Rohmer followed the great successes of his “Six Moral Tales” with a marked departure from his playful studies of shifting ethical codes in contemporary France by adapting an 1808 novella by Heinrich von Kleist. Like the novella, the film begins with the publication of a remarkable newspaper advertisement, signed by the Marquise of the title, in which she reveals that she is pregnant and desirous of the man responsible to reveal himself. While chance encounters spontaneously drive the protagonists of the “Moral Tales” to examine their own consciences, here fate forces the Marquise to confront both her own comportment and the prejudices of her day. Taking full advantage of the film’s West Germany locations and entirely German cast, Rohmer and Nestor Almendros enriched the period film with rich quotes from German Romantic painting. —Harvard Film Archive
The most subtle and traditional of the many luminaries launched to prominence as a member of the French New Wave, Eric Rohmer is also among the movement’s most consistent and enduring talents. Basing his work upon antecedents in literature as much as those in the cinema, Rohmer made his name crafting talky, feather-light romantic comedies and chamber dramas distinguished by economical camerawork, a warmly ironic tone, an affection for youth, and a fascination with place and time. His intensely personal private life — according to legend, not even his own mother knew he was an internationally acclaimed, albeit pseudonymously named, filmmaker — has stood in direct contrast to the emotional openness of his movies, which, in intimate and illuminating detail, explore the limitless entanglements, disappointments, and possibilities facing contemporary relationships.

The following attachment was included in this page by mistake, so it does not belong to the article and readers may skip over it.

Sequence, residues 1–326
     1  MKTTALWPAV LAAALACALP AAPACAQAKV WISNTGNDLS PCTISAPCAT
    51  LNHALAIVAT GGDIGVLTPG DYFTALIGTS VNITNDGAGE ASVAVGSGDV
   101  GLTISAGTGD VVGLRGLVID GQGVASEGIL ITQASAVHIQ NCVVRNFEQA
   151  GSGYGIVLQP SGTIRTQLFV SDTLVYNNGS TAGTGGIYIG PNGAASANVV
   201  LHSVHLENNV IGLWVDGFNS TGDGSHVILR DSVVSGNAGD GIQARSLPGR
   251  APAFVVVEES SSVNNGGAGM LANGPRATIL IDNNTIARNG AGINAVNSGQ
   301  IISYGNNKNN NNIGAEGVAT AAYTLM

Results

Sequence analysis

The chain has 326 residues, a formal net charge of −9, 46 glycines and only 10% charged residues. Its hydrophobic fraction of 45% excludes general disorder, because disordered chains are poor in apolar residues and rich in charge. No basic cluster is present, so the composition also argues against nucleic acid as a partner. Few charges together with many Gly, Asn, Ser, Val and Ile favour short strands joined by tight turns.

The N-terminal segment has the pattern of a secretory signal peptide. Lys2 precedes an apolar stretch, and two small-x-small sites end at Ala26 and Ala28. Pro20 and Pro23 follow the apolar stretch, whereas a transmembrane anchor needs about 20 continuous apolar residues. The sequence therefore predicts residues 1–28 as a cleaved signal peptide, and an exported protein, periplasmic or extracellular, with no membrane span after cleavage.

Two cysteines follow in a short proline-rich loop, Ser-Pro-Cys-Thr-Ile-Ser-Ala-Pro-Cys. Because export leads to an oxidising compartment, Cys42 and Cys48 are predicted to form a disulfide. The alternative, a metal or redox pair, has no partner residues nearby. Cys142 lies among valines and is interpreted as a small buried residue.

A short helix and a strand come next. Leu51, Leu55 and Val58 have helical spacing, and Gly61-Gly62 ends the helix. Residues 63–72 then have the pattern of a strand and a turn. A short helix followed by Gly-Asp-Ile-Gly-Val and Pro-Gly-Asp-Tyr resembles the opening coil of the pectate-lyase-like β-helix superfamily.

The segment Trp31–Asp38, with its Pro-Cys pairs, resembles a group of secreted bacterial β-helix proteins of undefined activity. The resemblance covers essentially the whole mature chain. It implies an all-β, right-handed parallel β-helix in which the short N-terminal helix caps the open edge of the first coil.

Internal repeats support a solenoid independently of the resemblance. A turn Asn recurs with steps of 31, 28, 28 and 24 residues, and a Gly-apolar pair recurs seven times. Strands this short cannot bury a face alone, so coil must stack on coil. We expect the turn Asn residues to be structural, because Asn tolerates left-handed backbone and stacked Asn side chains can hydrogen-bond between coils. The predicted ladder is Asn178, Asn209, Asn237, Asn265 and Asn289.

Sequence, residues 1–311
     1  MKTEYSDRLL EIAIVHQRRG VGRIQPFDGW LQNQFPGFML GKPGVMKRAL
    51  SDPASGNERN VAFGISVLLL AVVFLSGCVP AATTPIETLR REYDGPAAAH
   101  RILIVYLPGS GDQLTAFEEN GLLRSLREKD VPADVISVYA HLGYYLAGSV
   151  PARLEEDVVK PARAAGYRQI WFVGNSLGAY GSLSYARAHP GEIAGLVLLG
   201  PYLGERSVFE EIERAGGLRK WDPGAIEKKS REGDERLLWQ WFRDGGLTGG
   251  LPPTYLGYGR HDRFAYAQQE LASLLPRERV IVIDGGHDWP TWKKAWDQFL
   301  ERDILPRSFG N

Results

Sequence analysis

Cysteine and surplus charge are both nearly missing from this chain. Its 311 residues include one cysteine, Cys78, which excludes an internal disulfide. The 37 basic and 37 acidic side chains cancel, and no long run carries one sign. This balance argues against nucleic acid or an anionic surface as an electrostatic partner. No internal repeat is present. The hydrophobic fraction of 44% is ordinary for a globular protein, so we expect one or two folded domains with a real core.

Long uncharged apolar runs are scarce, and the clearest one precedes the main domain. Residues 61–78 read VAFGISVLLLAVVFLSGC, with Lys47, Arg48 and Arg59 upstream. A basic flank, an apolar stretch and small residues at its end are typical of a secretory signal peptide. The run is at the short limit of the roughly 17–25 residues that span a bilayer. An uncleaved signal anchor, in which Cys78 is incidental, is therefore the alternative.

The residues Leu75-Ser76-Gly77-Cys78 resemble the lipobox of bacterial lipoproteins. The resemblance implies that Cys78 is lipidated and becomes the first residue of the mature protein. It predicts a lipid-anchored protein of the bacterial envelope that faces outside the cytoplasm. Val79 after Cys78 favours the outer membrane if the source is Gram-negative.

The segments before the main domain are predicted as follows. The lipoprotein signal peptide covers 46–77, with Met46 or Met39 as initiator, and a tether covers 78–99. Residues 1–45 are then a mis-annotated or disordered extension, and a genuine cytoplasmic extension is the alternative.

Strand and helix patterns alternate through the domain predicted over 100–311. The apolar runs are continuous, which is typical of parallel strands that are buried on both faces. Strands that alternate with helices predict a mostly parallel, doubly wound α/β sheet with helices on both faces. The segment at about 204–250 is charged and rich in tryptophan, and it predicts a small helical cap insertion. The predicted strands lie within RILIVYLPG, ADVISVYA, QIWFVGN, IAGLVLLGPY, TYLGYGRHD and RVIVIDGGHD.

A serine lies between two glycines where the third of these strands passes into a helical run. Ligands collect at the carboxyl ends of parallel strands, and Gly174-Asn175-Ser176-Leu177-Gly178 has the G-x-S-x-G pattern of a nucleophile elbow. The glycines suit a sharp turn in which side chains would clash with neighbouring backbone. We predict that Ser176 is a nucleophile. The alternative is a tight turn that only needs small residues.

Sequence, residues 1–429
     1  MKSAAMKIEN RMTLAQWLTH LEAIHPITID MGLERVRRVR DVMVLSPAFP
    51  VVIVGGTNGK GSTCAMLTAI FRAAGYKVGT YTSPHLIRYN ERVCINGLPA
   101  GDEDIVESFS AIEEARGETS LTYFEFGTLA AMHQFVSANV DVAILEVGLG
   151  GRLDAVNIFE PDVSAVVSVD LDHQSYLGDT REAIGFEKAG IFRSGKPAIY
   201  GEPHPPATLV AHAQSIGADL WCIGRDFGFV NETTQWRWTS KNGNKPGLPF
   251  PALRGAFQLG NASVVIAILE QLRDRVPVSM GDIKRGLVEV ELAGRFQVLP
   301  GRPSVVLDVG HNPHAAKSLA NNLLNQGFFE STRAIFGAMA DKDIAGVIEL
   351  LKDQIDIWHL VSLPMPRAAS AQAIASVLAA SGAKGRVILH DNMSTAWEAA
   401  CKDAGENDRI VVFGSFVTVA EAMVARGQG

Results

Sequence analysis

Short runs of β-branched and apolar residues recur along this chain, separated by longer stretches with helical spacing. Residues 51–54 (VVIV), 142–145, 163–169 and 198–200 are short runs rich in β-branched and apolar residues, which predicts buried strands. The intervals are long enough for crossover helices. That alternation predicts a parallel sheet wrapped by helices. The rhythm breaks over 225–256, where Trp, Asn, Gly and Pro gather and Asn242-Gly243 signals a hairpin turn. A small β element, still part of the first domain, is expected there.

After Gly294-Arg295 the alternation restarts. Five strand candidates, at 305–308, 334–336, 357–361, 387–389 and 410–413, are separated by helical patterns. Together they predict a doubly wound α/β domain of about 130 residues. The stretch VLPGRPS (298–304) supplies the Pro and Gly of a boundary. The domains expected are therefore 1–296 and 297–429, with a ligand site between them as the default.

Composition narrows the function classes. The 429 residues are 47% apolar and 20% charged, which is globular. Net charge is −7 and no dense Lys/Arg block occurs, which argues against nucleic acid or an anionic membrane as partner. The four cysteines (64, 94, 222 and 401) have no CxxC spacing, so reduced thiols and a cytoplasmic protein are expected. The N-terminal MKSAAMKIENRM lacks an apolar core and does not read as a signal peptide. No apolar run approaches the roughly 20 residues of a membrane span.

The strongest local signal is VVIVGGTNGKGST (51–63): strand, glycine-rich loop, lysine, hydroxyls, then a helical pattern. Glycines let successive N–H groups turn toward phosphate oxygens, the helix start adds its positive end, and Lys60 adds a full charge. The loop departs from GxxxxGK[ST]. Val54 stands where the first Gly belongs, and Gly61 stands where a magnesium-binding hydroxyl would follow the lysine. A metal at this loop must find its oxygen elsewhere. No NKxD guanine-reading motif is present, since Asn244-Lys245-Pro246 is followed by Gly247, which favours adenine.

Born Jean-Marie Maurice Scherer on December 1, 1920, in Nancy, France, Rohmer later relocated to Paris, where he worked variously… read more
Was this a movie about a woman who falls in love with her rapist or I am over-reading too much? The execution is absolutely flawless.